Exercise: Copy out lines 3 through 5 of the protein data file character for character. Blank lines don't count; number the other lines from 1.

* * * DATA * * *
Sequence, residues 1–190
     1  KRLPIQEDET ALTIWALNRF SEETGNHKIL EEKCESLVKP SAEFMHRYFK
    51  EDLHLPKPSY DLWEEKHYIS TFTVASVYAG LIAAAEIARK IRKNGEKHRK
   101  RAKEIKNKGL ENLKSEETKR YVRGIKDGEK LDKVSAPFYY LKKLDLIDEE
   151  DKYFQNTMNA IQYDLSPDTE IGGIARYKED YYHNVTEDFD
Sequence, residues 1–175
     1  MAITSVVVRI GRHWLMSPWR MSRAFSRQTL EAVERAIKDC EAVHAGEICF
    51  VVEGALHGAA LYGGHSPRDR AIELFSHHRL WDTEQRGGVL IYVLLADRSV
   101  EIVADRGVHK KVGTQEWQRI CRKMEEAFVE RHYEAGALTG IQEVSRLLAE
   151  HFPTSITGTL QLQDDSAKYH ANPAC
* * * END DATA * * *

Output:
    51  EDLHLPKPSY DLWEEKHYIS TFTVASVYAG LIAAAEIARK IRKNGEKHRK
   101  RAKEIKNKGL ENLKSEETKR YVRGIKDGEK LDKVSAPFYY LKKLDLIDEE
   151  DKYFQNTMNA IQYDLSPDTE IGGIARYKED YYHNVTEDFD